You’ve had a long, tough day. You want to relax. So you open up your social media feed for a bit of virtual friendship—but you’re assaulted by disturbing images and stories that your friends have posted. You end up leaving the screen far worse than you arrived. Sounds familiar?

We know way too much. Information from every corner of the world comes flooding in, and much of it is not good—tragedy, terror, trauma . . . Many sensitive souls are having trouble sleeping We are an anxious bunchthese days, their minds filled with thoughts and pictures that disturb their rest. And this is all on top of the “normal” anxieties about health, safety, children, money, marriage, jobs, travel, our to-do list and much, much more.

Children are also reporting a disconcerting increase in feelings of anxiety. They, too, are concerned about the world situation. But they are also concerned about bullies, cliques, academic performance, separation from parents, nightmares, death, pressures, phobias and all sorts of other things.

We are an anxious bunch. What can be done about it?

The Jewish View

Our world can feel like a scary place, and many of us have fearful natures on top of that. But G‑d nonetheless asks us to bring ourselves to a state of calm confidence. In the Torah portion of Shoftim, soldiers are cautioned not to give way to fear, dread or panic on the battlefield.1 The commentaries state that a battlefield is a pretty scary place to be, and that fear is a natural response. However, the soldiers are admonished to keep their attention on the idea that G‑d is going with them into battle. By visualizing themselves resting safely in G‑d’s hands, they will be able to maintain a steady heart. Likewise, we are all soldiers in G‑d’s army. Our belief in G‑d’s omnipotence will help us quell our fears, and teach our children to do the same.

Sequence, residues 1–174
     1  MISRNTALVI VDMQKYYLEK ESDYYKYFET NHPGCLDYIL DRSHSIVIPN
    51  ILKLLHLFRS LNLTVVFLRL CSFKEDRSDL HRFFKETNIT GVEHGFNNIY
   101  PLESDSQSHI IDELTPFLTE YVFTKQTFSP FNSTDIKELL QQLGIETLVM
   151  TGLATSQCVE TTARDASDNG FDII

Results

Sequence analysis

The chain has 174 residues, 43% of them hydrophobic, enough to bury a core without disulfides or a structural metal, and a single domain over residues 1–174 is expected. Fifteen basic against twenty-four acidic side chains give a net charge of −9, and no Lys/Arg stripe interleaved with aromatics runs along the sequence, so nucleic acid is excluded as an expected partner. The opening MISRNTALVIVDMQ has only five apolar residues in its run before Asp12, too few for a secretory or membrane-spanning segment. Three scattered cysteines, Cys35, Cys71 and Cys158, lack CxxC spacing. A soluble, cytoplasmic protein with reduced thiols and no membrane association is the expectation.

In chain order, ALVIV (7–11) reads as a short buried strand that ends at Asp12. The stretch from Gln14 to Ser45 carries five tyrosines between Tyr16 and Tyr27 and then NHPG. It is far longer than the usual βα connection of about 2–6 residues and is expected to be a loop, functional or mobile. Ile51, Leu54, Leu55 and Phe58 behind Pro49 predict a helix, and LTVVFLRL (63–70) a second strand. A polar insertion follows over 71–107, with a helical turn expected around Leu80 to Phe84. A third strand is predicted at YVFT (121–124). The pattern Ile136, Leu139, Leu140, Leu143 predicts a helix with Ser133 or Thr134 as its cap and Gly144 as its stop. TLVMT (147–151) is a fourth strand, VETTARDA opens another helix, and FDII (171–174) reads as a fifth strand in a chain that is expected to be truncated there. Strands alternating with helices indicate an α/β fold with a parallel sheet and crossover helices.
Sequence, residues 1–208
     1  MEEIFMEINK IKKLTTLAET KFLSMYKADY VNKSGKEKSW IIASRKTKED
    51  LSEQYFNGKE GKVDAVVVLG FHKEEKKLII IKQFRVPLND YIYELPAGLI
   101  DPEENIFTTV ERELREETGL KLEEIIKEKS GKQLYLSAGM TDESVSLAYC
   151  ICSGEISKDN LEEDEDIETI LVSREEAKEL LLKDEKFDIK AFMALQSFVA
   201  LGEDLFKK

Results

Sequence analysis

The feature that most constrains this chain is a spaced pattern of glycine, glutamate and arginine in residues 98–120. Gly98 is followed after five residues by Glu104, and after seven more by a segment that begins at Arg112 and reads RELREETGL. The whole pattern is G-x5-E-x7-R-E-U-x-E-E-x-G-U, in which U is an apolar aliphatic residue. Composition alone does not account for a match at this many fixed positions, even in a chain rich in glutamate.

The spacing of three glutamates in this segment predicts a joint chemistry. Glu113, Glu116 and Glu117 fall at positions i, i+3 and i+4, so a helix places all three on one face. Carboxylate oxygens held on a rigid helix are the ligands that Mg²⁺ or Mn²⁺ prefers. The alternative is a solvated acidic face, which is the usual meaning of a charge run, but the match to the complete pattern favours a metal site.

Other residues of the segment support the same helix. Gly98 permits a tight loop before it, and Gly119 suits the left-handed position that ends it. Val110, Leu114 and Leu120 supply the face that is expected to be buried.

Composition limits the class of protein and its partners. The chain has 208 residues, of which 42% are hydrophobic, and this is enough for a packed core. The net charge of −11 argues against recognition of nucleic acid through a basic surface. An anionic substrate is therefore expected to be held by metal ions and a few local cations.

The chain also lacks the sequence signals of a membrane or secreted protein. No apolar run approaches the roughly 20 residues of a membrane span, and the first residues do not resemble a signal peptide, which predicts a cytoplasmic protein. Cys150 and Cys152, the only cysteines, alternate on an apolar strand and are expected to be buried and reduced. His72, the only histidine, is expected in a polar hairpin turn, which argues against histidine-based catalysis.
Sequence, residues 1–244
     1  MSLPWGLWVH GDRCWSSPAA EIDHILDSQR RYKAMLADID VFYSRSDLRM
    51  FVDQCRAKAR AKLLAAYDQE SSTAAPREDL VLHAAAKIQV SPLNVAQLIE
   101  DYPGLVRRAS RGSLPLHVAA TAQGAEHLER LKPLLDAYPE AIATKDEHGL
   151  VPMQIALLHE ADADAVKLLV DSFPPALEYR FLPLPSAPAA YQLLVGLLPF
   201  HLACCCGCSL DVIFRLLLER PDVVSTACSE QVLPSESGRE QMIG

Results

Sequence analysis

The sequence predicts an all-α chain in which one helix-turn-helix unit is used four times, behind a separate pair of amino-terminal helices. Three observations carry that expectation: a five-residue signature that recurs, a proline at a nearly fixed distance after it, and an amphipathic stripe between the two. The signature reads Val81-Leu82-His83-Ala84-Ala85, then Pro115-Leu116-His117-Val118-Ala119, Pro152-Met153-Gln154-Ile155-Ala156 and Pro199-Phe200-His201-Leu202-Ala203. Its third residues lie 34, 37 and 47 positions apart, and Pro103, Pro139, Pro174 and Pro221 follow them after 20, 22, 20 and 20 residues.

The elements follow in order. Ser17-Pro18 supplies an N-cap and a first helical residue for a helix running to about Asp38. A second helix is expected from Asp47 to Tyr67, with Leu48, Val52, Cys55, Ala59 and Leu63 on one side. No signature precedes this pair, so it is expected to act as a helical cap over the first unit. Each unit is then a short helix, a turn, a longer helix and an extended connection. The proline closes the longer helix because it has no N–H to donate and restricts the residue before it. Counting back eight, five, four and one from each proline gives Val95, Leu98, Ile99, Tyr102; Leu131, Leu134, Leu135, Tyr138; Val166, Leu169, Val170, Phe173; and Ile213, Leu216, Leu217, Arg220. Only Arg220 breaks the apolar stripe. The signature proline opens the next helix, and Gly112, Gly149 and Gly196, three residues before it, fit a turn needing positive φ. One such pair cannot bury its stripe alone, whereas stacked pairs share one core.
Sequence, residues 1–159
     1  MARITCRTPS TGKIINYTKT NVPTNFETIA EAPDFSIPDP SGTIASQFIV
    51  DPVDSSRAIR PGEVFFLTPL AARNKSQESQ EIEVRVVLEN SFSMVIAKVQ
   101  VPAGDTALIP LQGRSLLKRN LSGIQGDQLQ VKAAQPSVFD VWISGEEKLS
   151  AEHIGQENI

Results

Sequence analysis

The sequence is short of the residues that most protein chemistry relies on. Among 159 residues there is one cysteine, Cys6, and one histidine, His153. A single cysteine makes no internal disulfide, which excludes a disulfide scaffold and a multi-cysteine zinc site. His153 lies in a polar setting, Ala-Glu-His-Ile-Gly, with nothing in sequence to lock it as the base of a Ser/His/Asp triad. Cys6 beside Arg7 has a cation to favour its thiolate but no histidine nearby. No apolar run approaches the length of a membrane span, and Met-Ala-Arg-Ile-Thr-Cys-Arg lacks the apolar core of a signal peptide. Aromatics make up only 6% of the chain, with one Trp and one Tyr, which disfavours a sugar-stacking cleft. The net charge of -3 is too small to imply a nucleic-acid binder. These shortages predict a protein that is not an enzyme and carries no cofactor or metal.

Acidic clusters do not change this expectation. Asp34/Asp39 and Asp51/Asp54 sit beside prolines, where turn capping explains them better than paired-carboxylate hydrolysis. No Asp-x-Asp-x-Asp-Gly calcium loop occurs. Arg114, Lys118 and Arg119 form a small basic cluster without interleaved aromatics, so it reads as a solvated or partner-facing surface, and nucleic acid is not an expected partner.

Power of Imagination

Modern psychology also acknowledges the power of attention and the power of imagination to change our emotional experience. When we picture bad things, we feel scared and our heart rhythm is disturbed. The disturbed heart pattern (the heart rate variability) is conveyed to the brain, which responds by sending out all sorts of fight-or-flight chemicals to the body. The resultant surge of energy is meant to help us deal with life-threatening conditions, but—when there is no actual life-threatening situation occurring—it simply courses through our body, causing our heart to beat rapidly, our breath to shorten and our palms to sweat. Picturing bad things is unpleasant emotionally, and also very hard on the body.

Fortunately, picturing good things has the exact opposite effect. It produces a beautiful heart-rate variability pattern that communicates wellbeing to the brain, which causes a release of beneficial chemicals that calm, heal and renew the physical body. It is the picture—and the emotion that it elicits—not the thought that has all this power. Indeed, thoughts affect us only to the extent that they elicit pictures in our mind. For example, the thought that “2 + 2 = 4” won’t disturb most of us, because for most people it won’t generate a disturbing picture. However, the thought that “robbers could be making that noise” does have the power to generate feelings of fear, because the mind will tend to picture the lurking robbers, and then the picture will elicit the fear. It is clear, therefore, that we can greatly benefit from learning how to make beautiful pictures in our mind’s eye.